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The Kenfig Borough / Old Bro Cynffig

In medieval times Kenfig was awarded the status of a Borough. The Kenfig Borough or Old Bro Cynffig included Kenfig, Maudlam (Mawdlam), much of North Cornelly, Marlas, Pyle and some of Kenfig Hill. [ Learn more ]
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Kenfig - The Complete History
A Welsh Documentary Heritage Website
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Kenfig - The Complete History [ www.kenfig.org.uk ]

Community :: History around the Area - North Cornelly

History around the area - North Cornelly
History of Kenfig & surrounding area
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North Cornelly - Brief History

Online Etymology Dictionary

Surnames like Lovel are versions of diminutives of 'Wolf' in Old French or Anglo-Norman, either from nicknames 'Wolf Cub' (meaning... son of wolf) - this name came to England with the Normans.
[ Wolf and Werewolf ] Online Etymology Dictionary
Originally a sub manor of the Kenfig Borough which lay outside the boundaries of the Borough itself, its earliest holders were the Lupellus family who later adopted the name Lovel.
The earliest recorded name of the village from a document that dates from before 1183 is the rather cumbersome 'The Vill of Walter Lupellus'. The name Cornelly arose probably due to its close proximity to the crossroads (Cornelly Cross) where the road to the original village of Cornelly (Present South Cornelly) branched off from the main road.
The village adjoining the Cornelly junction therefore became known by that name and 'North' and 'South' were added to distinguish between the two.

North Cornelly Cross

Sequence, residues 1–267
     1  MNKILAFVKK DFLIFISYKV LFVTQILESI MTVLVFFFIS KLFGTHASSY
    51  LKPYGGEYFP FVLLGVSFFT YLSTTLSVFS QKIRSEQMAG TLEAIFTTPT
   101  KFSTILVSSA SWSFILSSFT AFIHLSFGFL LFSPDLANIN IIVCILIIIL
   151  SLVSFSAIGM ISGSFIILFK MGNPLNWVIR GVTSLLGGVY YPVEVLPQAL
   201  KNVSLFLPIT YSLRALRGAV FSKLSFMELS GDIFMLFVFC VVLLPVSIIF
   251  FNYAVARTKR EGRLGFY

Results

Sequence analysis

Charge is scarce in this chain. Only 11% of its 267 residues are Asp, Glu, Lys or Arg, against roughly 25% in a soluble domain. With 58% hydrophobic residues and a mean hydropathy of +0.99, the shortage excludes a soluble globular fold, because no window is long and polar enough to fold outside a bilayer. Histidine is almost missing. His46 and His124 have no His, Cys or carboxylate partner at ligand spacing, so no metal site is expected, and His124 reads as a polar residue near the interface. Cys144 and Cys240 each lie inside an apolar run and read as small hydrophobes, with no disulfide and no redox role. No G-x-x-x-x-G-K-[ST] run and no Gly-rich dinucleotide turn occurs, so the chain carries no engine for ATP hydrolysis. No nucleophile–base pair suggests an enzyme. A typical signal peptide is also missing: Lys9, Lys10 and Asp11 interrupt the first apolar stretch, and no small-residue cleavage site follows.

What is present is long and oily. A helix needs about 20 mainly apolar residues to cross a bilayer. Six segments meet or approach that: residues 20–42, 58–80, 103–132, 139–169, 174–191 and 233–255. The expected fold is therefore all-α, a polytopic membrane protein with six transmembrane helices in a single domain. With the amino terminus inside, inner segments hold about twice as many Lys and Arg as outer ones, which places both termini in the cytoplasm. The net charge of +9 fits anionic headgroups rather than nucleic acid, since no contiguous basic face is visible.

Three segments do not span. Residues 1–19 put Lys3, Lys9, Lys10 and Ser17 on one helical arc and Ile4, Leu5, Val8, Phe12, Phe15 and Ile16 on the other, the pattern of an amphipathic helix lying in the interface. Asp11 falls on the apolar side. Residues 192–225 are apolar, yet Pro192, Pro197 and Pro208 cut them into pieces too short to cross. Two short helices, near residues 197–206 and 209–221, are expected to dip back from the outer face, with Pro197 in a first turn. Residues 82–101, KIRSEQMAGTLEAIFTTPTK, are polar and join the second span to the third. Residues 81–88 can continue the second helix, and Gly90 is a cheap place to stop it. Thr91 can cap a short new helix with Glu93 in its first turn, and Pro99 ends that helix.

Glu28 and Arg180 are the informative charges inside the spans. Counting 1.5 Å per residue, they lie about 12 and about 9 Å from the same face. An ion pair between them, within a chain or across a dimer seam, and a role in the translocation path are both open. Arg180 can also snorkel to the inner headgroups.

Aerial Photo of North Cornelly Cross
Aerial photo of Cornelly Cross - The Carbide Works is in distance
School Terrace, North Cornelly
School Terrace, North Cornelly Cross - The Old School is on the right
Cornelly Arms, North Cornelly
Cornelly Arms, North Cornelly
Once known as Croes y Green, this crossroads which stands at the heart of modern-day North Cornelly has been here for well over 700 years.
The original village lay some distance away from the cross to the north east in the area between the manor house (Hall Farm) and the present day New House Inn.
A blacksmith's shop was built on North Cornelly Cross about 1738 which continued in use until the early part of the 20th century.

Local Roads - Street Names

Heol Fach (Little Road)

Despite its name (perhaps acquired when the 'Big Road' through Pyle was opened in the 15th century), Heol Fach during the medieval period was part of the main highway through the coastal plain of Glamorgan.
Analysis of medieval documents shows that this road descended from Stormy Down along what is now 'Heol Y Sheet' on Broadlands Estate, as far as Cornelly Cross and then headed towards the town of Kenfig. It was probably from this earlier period that it acquired the name of 'Cartway' which is often given as an alternative in 17th century documents.
At the 'Croes Y Ddadl' road junction, Heol Fach connected with the ancient trackway leading down from Cefn Cribbwr to the coast. The road to Pont Velin Newydd (certainly in being in the 13th century) and presumably a road leading direct to the town of Kenfig.

Croes Y Ddadl (Cross of Dispute)

The base of this cross stands, almost completely buried by sand in the dunes a little north east of the crossroads formed by the junction of Heol Fach with the road from Marlas to Maudlam.
Presumably it marks the original site of this crossroads which has been 'pushed' inland away from it by the advancing sand. The name seems to imply that it was originally a place used by local people as a meeting point at which differences and disputes between them could be settled.
If Croes Y Ddadl is accepted as Cross of dispute then perhaps the dissensions that arose here were with merchants attempting to bypass the Borough markets by utilizing the Pont Velin Newydd crossing.
In 1843 it was the location chosen for a large public meeting held to voice local unrest at the manner in which the local toll-gates were being operated by the Turnpike Trust. [ Turnpike Trust Wikipedia ]


Bibliography:
(1) Cornelly Community Council
(2) Bridgend Library & Information Services, Coed Parc, Bridgend
(3) Mr Rob Bowen, personal local historical knowledge
(4) Photographs: Old Cornelly, Rob Bowen

Webpage Author:
Mr Rob Bowen, Kenfig.org Local Community Group, 2008

Acknowledgements

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Photos: Prince of Wales Inn, Kenfig Steve Parker Ton Kenfig, Bridgend

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